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Pan-Africanism spirit remains elusive in North Africa

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Picture: Fethi Belaid/Pool via Reuters – Tunisian President Kais Saied sparked a wave of xenophobic violence in his country following the incendiary remarks he made at a National Security Council meeting.

By Dr Sizo Nkala

Tunisian President Kais Saied sparked a wave of xenophobic violence in his country following the incendiary remarks he made at a National Security Council meeting on February 21.

Saied was quoted as saying: “Hordes of irregular migrants from Sub-Saharan Africa” had come to Tunisia “with all the violence, crime, and unacceptable practices that entails”. He continued to say Sub-Saharan African immigrants were meant to “change the demographic make-up” and turn Tunisia into “just another African country that doesn’t belong to the Arab and Islamic nations any more”.

His remarks triggered xenophobic violence against black Africans living in Tunisia, resulting in some having their houses burnt down and beaten up.

Hundreds of black Africans were rounded up in various cities and subjected to physical attacks and verbal abuse. There are an estimated 21 000 immigrants from Sub-Saharan Africa living in Tunisia. Black people, who are mostly descendants of slaves, make up between 10 and 15% of the Tunisian population. However, citizens and non-citizens alike, black people have to deal with widespread racial discrimination on an everyday basis.

The president’s ill-considered words made an already difficult situation worse. Some immigrants hurried to their countries’ embassies seeking repatriation to their home countries. Sub-Saharan African students studying in Tunisia said they were living in fear of arbitrary attacks and arrests. Saied predictably denied that his speech had caused the violence against black people and blamed his political opponents for misinterpreting his words.

Saied’s speech has been attributed to populism aimed at whipping up nationalist fervour to shore up his waning political fortunes through scape-goating the minority black community. However, it is also true that discrimination against black Africans in North Africa and the broader Arab world has been a long-standing historical problem.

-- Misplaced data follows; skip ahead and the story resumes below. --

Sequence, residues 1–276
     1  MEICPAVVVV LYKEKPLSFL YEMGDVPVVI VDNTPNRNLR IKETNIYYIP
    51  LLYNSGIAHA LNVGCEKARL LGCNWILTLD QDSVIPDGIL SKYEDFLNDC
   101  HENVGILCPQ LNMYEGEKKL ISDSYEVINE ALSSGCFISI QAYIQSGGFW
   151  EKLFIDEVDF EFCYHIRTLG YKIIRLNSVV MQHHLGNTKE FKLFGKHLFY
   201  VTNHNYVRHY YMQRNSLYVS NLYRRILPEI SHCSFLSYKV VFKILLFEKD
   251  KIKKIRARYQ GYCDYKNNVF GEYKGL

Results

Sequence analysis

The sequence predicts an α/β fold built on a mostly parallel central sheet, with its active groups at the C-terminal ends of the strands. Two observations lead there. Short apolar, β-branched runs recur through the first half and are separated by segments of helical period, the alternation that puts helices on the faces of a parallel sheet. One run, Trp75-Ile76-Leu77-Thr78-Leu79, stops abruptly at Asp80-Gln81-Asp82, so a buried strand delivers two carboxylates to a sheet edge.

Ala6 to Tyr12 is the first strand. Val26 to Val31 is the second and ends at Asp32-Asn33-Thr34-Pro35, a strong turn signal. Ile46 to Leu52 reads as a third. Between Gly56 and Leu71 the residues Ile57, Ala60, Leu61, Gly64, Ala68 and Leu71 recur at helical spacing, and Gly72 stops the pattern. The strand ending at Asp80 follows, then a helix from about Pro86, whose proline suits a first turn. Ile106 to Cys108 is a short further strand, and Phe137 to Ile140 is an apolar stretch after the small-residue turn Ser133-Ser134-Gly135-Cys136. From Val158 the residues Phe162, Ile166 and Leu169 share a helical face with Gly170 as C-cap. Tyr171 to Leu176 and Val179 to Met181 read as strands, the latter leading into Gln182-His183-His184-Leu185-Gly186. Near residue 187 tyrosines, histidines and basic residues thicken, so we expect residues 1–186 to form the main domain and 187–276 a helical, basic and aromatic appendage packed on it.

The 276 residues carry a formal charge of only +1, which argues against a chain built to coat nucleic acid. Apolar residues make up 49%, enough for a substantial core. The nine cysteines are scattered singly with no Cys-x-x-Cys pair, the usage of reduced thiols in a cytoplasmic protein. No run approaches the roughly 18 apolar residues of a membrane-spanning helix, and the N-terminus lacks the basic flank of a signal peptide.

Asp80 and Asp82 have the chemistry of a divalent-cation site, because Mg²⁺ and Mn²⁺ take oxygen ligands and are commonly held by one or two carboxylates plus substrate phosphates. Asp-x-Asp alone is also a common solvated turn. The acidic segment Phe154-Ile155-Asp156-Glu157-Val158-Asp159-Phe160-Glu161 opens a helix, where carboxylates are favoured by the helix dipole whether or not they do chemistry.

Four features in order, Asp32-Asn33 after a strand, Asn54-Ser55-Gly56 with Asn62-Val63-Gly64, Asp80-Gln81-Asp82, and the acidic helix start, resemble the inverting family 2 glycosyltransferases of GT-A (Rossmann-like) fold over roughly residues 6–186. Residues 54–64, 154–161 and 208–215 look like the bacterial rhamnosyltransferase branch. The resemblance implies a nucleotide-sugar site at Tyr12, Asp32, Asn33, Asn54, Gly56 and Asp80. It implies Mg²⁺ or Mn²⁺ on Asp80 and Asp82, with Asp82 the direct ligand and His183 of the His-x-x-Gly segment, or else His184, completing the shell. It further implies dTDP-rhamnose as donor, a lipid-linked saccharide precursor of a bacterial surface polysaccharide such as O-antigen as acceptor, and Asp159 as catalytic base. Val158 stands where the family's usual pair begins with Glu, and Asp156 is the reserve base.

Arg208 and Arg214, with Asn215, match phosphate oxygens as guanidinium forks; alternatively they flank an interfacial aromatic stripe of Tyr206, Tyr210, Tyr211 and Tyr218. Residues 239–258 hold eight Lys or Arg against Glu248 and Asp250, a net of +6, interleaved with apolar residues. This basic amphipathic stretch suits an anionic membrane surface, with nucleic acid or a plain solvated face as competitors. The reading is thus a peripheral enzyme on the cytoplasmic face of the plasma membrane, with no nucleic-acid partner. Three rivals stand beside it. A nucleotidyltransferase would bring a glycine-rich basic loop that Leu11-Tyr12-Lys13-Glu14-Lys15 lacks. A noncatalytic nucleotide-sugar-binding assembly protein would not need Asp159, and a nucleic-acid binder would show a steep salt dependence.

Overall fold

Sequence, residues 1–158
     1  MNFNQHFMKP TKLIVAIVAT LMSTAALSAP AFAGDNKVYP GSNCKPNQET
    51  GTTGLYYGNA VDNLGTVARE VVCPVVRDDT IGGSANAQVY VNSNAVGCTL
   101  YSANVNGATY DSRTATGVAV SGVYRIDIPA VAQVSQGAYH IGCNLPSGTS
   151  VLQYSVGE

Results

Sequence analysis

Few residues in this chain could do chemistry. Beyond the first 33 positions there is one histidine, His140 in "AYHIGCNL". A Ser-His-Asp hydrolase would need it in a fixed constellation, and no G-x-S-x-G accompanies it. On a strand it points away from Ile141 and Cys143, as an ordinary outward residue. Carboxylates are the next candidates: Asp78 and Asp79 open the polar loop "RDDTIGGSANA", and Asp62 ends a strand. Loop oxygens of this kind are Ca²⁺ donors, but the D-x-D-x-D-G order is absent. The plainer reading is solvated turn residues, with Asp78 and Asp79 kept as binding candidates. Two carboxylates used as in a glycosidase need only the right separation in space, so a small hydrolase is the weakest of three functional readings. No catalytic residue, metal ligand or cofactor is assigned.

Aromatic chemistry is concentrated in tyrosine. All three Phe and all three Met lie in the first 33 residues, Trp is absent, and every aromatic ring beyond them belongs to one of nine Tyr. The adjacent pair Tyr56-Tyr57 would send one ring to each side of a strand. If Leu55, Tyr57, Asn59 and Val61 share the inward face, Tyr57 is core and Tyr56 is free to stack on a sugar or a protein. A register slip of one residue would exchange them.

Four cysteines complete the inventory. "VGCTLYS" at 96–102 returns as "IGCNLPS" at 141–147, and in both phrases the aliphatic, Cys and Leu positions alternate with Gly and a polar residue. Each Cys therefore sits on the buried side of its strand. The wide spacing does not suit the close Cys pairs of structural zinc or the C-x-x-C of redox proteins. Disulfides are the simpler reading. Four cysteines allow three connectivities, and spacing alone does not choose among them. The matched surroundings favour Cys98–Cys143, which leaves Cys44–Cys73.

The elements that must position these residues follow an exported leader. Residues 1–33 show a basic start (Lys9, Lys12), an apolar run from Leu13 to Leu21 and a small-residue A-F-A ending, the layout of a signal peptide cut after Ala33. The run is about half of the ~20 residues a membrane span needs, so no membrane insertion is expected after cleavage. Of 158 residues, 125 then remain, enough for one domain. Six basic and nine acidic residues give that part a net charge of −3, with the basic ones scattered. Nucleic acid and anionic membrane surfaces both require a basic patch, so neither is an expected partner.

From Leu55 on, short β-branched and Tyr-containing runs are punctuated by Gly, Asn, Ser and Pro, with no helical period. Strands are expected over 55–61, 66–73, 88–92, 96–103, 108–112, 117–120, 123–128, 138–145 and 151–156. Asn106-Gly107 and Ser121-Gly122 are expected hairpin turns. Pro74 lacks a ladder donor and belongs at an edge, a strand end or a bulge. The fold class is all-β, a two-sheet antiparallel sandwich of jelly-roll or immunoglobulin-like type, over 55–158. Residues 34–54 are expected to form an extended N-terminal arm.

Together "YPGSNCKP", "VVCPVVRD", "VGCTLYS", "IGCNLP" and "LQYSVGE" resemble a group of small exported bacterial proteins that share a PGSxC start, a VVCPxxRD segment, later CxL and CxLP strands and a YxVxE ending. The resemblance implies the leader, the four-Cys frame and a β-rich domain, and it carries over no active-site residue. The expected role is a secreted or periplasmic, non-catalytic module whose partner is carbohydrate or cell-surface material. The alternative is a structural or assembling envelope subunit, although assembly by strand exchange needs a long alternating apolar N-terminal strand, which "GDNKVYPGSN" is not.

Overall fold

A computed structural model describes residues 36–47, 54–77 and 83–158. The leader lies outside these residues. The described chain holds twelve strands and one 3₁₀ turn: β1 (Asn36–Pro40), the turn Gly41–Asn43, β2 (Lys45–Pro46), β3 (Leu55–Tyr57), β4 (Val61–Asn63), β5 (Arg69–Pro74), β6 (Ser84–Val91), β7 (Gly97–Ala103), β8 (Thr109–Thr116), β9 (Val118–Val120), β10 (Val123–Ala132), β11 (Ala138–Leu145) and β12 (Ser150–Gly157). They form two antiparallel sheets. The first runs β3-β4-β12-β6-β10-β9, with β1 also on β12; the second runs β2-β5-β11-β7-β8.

This can be traced back to the 17th century when the Arabic and Berber-speaking nomadic pastoralists enslaved and dominated the sedentary and agricultural black communities that had settled in the Saharan desert zones of North Africa. The Arabic and Berber pastoralists and intellectuals used skin colour to justify their superiority over and domination of the black Africans who had a darker skin.

In countries like Mauritania and large parts of present-day Morocco, racial hierarchy was the accepted form of social organisation, with blacks languishing at the bottom. Slavery became a dominant mode of production. Blacks were subjected to hard labour in agriculture under brutal conditions, herded animals, dug wells and performed domestic duties such as cooking and cleaning. Black females were used as concubines and were routinely subjected to rape. Their offspring were regarded as unfree, even though their fathers were slave masters.

The slavery of black people persists in some North African countries today. About 450 000 to 900 000 black Arabs in Mauritania still live under conditions of slavery where they perform most of the gruelling agricultural work for their masters, often without pay. Parts of southern Morocco, though, to a comparatively lesser extent, still harbour black slaves.

Hostile attitudes to blackness are intense in the desert zones of most North African countries, where blacks are concentrated. The identity cards of black Tunisians from the southern part of the country still show the names of the slave masters of their ancestors. Anti-black attitudes up north have intensified as a response to increased numbers of Sub-Saharan African immigrants using North African countries as a passage to Europe.

In most North African countries, black people are referred to as Abid, which means slave in Arabic, while black women are widely referred to as Khudam, which means servant. It is common for black people to be called monkeys, animals, or cannibals across the Maghreb region. In Tunisia, the term Oussif, meaning maid, servant or slave, is used by white Tunisians to denigrate and dehumanise black people.

Despite being members of the African Union (AU), sharing the common history of colonialism and inhabiting the same continental space, questions have always been asked about whether the countries north of the Sahara share the same African identity as their counterparts south of the Saharan desert.

North African countries have tended to distance themselves from Sub-Saharan Africa while gravitating towards the Middle East and Europe. Recently, at the 2022 Fifa World Cup, a Moroccan national team player caused a social media storm when he told the media in a post-match interview that his team’s historic feat of advancing to the quarter-finals of the tournament was a victory for the Arab world. This despite Morocco having qualified for the tournament under Fifa’s African region.

Most people interpreted his statements to mean that his team identified as an Arab instead of an African team. As such, Saied’s statements on black Africans is tapping into a deep-seated and pervasive disdain for black people in Arabic societies. It will be a long time before the spirit of Pan-Africanism crosses the Sahel.

Nkala is A Research Fellow at the University of Johannesburg’s Centre for Africa-China Studies.